Mae Suramek spent years doing good. Now she’s cooking well and doing good at the same time. After graduating from Berea College, Suramek served in the Americorps Program, at a Lexington domestic violence shelter, at a refugee resettlement center in Raleigh, and in human rights advocacy for city and state governments in Kentucky and North Carolina. She was Berea’s alumni director. She became the executive director of the Bluegrass Rape Crisis Center, and she ran unsuccessfully for Berea City Council.

Through much of her experience, she found that too often, the need to raise money came before the need to do good. Even when businesses tried to help out by donating a portion of a single day’s profits, the experience occasionally turned out to be only a handful of cash.

How could she change that?

Walk into Suramek’s restaurant, Noodle Nirvana, and see. It is literally in front of your face.

One wall is composed of the restaurant’s philosophy – each year, it will partner with one local nonprofit and showcase that nonprofit’s philosophy on the main wall. The restaurant shares 25 percent of its profits from the first Tuesday of every month for a year with that nonprofit.

The current recipient is Berea’s New Opportunity School for Women, which gives low income Appalachian women knowledge and support to build lives for themselves, their families and communities.

Berea Urban Farm supplies local vegetables for Noodle Nirvana’s noodle bowls. A vat of ramp kimchi (ramps are a kind of wild onion) sits fermenting on the counter at nearby Clementine’s Bake Shop, which will be used later for Noodle Nirvana bowls.

Suramek said she has found a way to make the comfort food of her youth, use local food and give back to the community. Her hours are long, but she is aided by her husband, Adam, at the restaurant, and she is quite happy: “We constantly support one another.”

Clementine’s Bake Shop – named for the dog belonging to owners Drew and Lindsey Elliott – began selling its products at the Berea farmers market in 2011. In 2017, they are doing a brisk business in a sunny restored storefront with stamped-tin ceilings, original wood floors and an exposed brick wall. On the shelves are chocolate croissants, quiche, cake and lots of fresh homemade bread.

Drew Elliott said the two started with a 2 foot-by- 2 foot card table and $100 in sales at the farmers market.

The Elliotts used to grow a lot of ingredients on their farm, where they had a certified kitchen, but now that they’re working all day at the bakery, they plan to buy from local farmers. Like Noodle Nirvana, Clementine’s pairs with a local nonprofit, in this case Grow Appalachia, by sharing 10 percent of its proceeds on the first Wednesday of every month a year. Grow Appalachia combats food insecurity in the region with programs including a summer feeding program for children.

Berea is establishing a thriving ecosystem of restaurants that connect with the area’s farm producers and the Berea farmers market. Three recent additions are within a stone’s throw of each other on Chestnut and Boone streets, near the farmers market.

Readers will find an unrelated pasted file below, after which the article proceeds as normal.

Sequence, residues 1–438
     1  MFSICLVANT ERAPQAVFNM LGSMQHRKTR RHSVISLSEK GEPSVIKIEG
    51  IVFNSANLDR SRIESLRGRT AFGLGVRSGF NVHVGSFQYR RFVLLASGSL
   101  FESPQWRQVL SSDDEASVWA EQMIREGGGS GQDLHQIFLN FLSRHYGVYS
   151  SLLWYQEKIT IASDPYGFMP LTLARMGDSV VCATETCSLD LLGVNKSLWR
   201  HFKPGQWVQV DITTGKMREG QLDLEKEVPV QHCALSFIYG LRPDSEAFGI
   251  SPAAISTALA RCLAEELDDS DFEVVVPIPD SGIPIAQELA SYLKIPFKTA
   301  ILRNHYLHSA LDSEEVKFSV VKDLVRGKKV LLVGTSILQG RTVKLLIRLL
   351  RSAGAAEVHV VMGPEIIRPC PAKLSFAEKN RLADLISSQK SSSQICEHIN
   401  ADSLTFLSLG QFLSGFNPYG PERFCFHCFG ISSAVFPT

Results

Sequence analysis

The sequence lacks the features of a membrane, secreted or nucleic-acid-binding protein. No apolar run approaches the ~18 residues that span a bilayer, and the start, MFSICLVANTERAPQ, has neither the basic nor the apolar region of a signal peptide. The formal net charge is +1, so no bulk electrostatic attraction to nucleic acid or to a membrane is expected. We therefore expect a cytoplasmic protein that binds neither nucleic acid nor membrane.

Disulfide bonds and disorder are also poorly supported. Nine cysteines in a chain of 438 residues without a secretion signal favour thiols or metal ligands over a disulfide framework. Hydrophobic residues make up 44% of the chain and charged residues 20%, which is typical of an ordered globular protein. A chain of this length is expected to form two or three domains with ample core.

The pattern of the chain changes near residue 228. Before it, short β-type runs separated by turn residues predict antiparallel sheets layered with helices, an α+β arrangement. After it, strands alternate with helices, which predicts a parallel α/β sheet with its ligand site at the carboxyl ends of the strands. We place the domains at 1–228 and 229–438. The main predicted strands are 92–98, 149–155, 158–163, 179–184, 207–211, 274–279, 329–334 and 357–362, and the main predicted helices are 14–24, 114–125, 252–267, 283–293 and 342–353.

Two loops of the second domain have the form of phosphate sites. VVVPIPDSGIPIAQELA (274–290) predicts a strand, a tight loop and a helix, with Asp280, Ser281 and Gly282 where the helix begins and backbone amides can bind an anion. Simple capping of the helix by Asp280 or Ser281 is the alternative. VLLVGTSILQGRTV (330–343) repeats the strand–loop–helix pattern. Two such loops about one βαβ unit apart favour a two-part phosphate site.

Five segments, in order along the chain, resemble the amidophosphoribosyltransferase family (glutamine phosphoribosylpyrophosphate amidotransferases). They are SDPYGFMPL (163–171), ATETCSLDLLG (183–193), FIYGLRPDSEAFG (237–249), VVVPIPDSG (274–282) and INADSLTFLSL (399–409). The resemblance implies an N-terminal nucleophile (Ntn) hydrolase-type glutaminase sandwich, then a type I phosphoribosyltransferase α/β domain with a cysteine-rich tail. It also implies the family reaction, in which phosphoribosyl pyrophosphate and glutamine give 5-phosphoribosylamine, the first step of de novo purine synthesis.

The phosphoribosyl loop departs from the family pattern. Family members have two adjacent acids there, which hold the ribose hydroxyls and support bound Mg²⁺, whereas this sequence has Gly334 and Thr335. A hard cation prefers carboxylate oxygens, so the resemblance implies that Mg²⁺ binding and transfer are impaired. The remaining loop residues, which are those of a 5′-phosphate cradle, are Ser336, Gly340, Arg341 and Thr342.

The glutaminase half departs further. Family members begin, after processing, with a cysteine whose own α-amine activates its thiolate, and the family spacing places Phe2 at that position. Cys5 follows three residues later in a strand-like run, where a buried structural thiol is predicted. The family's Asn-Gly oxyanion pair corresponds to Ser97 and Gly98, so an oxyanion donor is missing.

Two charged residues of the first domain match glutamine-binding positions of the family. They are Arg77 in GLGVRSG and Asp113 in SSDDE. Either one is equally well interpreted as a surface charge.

For many communities, customers visit the farmers market and later hit the drive-through at a restaurant whose supplies come in big cans from suppliers who refine their products to within an inch of its nutritional value. Berea’s farmers market is after a bigger notion of interacting with small business: It wants its small vendors to get big enough to open storefront operations while maintaining a presence at the farmers market and buying supplies from other vendors.

Margie Stelzer, manager of the Berea farmers market, said the business-incubator process for breakout businesses, financed in part by grants, make their small vendors better business people. In turn, the local vendors provide fresher food for the community at reasonable prices.

Stelzer said the farmers market businesses that have opened storefronts, Clementine’s and the nearby Native Bagel Co., got help with testing their products. The lines at Native Bagel for their chewy variety of bagels, sandwiches and coffee attests to the success of that model; the little shop might soon need an even bigger space.

At Native Bagel, there’s local sausage, local vegetables to blend with the cream cheese, and local eggs.

“It really is for people who are dedicated to local food,” Stelzer said. “We’re creating a flow of how people can sell and what they can purchase.”

A sign at Noodle Nirvana spotlights the area businesses that contribute to their product: Kimchi from Clementine’s, fresh flowers from Sunshine Farmstead, ramen from Lexington Pasta, Lazy 8 zucchini and Berea College Farm eggs.

Berea College opened a farm store on North Main Street in 2013. The college operates a 1,400-acre farm.

The restaurants involved in the new local-food businesses work excruciatingly long hours – often more than 70 hours a week. As they begin to stabilize, they hire workers to supplement their family’s labor.

“We definitely feel like we’re part of a food moment here,” Suramek said.

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